Thursday, February 7, 2013

House GOP Rejects Calls For Climate Hearings - But Democrats Will Keep Pressing

Rep. Henry Waxman (D-CA)

Between President Obama's surprisingly hawkish second inaugural address, and the confirmation of John Kerry as Secretary of State, moves to combat climate change may be afoot in Washington.

That momentum extends to the House Energy and Commerce Committee, where ranking minority member Rep. Henry Waxman (D-CA) and his fellow Democrats have been pushing to move hearings on climate change onto the group's agenda for this congressional session. Unfortunately, Republicans still control the House and thus the committee, and have already shot down Democrats' efforts twice, according to a report in The Hill.

On Wednesday the Committee, along party lines, voted down Democratic amendments to its formal oversight plan for the 113th Congress....

One defeated amendment, from Rep. Bobby Rush (D-Ill.), would have required hearings on the role of climate change in drought, heat waves, wildfires, reduced crop yields and other effects....

A second defeated amendment, by Rep. Frank Pallone (D-N.J.), called for hearings on climate-related coastal threats including sea-level rise, more frequent and intense storms, and ocean acidification. Both proposals called for witnesses including National Academy of Sciences members.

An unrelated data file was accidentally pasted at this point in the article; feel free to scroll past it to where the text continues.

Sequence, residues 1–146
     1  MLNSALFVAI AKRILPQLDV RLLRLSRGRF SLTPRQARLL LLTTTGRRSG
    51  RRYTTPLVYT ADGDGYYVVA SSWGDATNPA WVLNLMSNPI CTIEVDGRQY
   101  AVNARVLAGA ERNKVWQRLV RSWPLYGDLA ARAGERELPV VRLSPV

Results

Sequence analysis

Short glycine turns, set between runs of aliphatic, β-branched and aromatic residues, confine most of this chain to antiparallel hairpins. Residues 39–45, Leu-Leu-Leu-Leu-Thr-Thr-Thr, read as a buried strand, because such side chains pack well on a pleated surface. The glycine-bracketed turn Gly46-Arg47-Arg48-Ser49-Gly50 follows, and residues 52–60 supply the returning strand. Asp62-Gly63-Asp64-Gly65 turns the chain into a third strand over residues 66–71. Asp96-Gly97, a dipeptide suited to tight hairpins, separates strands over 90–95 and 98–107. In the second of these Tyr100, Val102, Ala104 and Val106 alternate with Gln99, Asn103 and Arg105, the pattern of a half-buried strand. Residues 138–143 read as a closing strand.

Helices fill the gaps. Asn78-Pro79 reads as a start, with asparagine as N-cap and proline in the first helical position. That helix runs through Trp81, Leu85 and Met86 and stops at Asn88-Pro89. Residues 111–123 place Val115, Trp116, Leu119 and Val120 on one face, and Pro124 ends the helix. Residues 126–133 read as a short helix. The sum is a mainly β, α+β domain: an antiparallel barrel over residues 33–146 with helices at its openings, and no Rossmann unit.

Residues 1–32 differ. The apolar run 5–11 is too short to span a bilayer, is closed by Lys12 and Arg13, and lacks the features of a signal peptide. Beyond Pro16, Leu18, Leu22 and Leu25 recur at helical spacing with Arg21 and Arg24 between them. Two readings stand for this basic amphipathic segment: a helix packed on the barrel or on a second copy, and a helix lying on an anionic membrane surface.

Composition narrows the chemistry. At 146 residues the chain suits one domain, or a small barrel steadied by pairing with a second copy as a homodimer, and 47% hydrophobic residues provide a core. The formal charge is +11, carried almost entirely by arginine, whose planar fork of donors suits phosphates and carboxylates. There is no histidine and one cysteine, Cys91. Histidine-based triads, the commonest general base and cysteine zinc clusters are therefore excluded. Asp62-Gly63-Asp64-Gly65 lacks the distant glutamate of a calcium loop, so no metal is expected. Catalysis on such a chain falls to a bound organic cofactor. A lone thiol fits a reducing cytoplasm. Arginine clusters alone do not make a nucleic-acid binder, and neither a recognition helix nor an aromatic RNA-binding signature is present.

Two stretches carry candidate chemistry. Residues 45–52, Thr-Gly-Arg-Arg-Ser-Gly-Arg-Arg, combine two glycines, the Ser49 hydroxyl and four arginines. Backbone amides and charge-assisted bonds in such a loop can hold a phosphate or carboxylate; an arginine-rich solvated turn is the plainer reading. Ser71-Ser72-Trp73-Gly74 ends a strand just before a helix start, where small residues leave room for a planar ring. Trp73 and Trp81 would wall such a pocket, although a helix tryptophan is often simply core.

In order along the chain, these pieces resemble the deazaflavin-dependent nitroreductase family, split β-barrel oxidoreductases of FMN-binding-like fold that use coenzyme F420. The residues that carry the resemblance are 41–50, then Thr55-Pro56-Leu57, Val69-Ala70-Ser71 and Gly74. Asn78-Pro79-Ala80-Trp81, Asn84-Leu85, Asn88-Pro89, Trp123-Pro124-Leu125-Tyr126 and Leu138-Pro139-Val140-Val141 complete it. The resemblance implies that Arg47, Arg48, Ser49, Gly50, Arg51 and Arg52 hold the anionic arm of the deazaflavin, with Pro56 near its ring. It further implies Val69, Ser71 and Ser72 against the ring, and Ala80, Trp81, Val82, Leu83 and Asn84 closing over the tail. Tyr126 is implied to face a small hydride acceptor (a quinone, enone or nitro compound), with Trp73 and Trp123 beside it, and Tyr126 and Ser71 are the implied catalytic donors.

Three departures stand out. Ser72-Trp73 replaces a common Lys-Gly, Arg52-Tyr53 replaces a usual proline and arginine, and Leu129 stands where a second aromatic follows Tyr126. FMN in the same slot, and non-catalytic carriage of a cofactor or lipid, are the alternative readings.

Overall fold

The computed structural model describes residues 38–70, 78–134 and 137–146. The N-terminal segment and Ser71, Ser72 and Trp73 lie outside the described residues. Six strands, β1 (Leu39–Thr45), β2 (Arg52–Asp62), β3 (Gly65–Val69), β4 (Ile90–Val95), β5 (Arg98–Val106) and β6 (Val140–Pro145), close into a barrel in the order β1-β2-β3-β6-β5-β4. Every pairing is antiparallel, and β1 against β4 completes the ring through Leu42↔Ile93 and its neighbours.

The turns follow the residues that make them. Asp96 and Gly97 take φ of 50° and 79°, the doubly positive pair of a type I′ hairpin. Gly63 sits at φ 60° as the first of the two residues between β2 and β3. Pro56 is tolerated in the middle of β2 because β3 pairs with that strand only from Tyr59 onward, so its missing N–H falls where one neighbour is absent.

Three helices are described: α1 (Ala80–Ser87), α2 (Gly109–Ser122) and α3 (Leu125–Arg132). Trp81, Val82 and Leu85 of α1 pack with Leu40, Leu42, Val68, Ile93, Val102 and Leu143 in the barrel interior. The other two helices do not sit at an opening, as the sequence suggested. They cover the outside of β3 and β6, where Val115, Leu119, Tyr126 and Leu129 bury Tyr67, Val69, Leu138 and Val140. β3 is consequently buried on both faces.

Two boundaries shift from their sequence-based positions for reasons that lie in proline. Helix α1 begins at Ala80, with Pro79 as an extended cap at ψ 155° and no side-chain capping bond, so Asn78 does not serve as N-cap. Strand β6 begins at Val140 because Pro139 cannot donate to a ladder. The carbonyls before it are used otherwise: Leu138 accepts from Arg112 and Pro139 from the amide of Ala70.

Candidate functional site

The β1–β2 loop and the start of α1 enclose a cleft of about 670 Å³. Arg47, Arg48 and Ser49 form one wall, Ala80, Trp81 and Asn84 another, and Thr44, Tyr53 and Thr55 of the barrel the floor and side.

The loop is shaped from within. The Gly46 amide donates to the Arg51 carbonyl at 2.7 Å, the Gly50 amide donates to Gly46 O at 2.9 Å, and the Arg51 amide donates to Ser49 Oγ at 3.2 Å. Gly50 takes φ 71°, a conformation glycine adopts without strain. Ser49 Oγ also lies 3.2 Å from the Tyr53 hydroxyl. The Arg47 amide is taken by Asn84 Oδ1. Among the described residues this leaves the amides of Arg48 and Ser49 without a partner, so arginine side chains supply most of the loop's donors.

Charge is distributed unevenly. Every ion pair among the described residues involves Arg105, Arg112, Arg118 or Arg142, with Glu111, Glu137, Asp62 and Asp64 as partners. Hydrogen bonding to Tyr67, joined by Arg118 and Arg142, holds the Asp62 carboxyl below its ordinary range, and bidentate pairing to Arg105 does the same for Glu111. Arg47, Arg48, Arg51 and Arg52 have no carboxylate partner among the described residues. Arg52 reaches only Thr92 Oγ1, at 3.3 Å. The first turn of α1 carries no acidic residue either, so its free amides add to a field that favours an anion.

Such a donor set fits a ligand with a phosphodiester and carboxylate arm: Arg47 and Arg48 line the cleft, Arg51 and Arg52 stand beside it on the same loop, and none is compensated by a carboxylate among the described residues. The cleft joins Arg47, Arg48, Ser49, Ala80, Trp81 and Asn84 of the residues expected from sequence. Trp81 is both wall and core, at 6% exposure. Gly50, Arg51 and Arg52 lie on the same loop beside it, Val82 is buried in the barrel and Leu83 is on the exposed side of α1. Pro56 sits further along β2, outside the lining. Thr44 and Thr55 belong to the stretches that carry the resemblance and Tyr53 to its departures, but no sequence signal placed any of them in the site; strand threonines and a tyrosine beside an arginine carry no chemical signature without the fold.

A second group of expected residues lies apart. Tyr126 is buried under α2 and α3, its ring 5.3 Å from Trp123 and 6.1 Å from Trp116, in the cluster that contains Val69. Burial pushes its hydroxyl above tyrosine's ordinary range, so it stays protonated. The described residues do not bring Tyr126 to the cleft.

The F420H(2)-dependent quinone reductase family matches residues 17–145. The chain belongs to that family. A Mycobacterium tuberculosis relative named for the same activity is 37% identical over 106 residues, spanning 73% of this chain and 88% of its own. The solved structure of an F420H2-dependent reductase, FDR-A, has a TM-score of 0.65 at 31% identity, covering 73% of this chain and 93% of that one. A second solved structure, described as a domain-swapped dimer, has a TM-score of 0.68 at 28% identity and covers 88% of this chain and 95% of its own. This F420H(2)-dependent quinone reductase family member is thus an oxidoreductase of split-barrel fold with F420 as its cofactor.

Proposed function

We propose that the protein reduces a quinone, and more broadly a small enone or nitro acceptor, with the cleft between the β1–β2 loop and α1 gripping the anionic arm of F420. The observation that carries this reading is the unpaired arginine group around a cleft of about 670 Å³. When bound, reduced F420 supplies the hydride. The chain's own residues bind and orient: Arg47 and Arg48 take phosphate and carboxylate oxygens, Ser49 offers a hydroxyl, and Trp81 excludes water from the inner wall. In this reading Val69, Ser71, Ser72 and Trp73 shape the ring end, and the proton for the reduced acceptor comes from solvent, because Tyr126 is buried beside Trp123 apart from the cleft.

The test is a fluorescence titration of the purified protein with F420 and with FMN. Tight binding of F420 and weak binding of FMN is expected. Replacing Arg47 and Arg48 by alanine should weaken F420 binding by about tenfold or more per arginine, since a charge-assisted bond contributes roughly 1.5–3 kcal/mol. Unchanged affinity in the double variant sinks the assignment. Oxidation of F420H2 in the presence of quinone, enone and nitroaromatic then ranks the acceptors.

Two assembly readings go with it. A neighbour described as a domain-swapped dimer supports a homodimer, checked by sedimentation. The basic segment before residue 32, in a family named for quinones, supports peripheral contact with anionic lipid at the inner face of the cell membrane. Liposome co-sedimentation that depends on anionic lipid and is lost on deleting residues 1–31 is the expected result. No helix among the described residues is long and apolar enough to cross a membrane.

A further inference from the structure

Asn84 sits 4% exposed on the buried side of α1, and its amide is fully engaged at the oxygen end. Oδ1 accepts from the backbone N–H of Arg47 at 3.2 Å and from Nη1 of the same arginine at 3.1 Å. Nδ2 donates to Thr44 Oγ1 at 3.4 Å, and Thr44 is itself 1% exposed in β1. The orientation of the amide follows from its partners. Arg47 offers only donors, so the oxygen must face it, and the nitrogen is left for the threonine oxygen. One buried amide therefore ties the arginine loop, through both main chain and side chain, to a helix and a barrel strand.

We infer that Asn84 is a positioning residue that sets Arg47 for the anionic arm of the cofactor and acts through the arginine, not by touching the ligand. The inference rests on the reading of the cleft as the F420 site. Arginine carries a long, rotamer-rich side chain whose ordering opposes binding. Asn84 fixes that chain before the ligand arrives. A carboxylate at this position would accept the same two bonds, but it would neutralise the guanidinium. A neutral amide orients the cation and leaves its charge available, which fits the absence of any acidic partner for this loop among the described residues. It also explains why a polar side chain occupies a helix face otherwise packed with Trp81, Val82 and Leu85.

The good news is that Waxman intends to keep pressing, in order to get the GOP on record refusing to investigate an issue that is rapidly moving to the forefront of the American public's concern:

More votes - with a similar outcome - are expected when the meeting to approve the oversight plan resumes next week.

Waxman is offering a third amendment calling for a hearing on recent reports that warn, "the window for action to prevent irreversible harm from climate change is closing rapidly."

The need for American lawmakers to come to grips with the reality of climate change and global warming is pressing. In January, the Federal Advisory Committee released its draft of the third National Climate Assessment, and its prognostications were grim: If the United States remains on its current emissions path, most of the country will see a rise of 9 to 15 degrees Fahrenheit over the coming century, with ever-worsening extreme weather, heat waves, deluges and droughts as the result.

Encouragingly, there are signs President Obama will call for new policy pushes in next week's State of the Union address. Even without new laws from Congress, the executive branch has numerous regulatory tools with which it can combat climate change, including having the Environmental Protection Agency move to curb carbon emissions from both new and existing power plants. Nor are Waxman and other Democrats sitting idle - they've announced the formation of a new Bicameral Climate Change Task Force, "dedicated to focusing Congressional and public attention on climate change and developing effective policy responses."

As for where the Republicans are at, the House Science and Technology Committee is set to hold a hearing that appears destined to degenerate into a forum for climate denialism. The committee's new chair, Rep. Lamar Smith's (R-TX), has criticized "the idea of human-made global warming, railed against the media as "lap dogs" for not devoting enough airtime to climate deniers, and taken $500,000 from the oil and gas industries over his political career.

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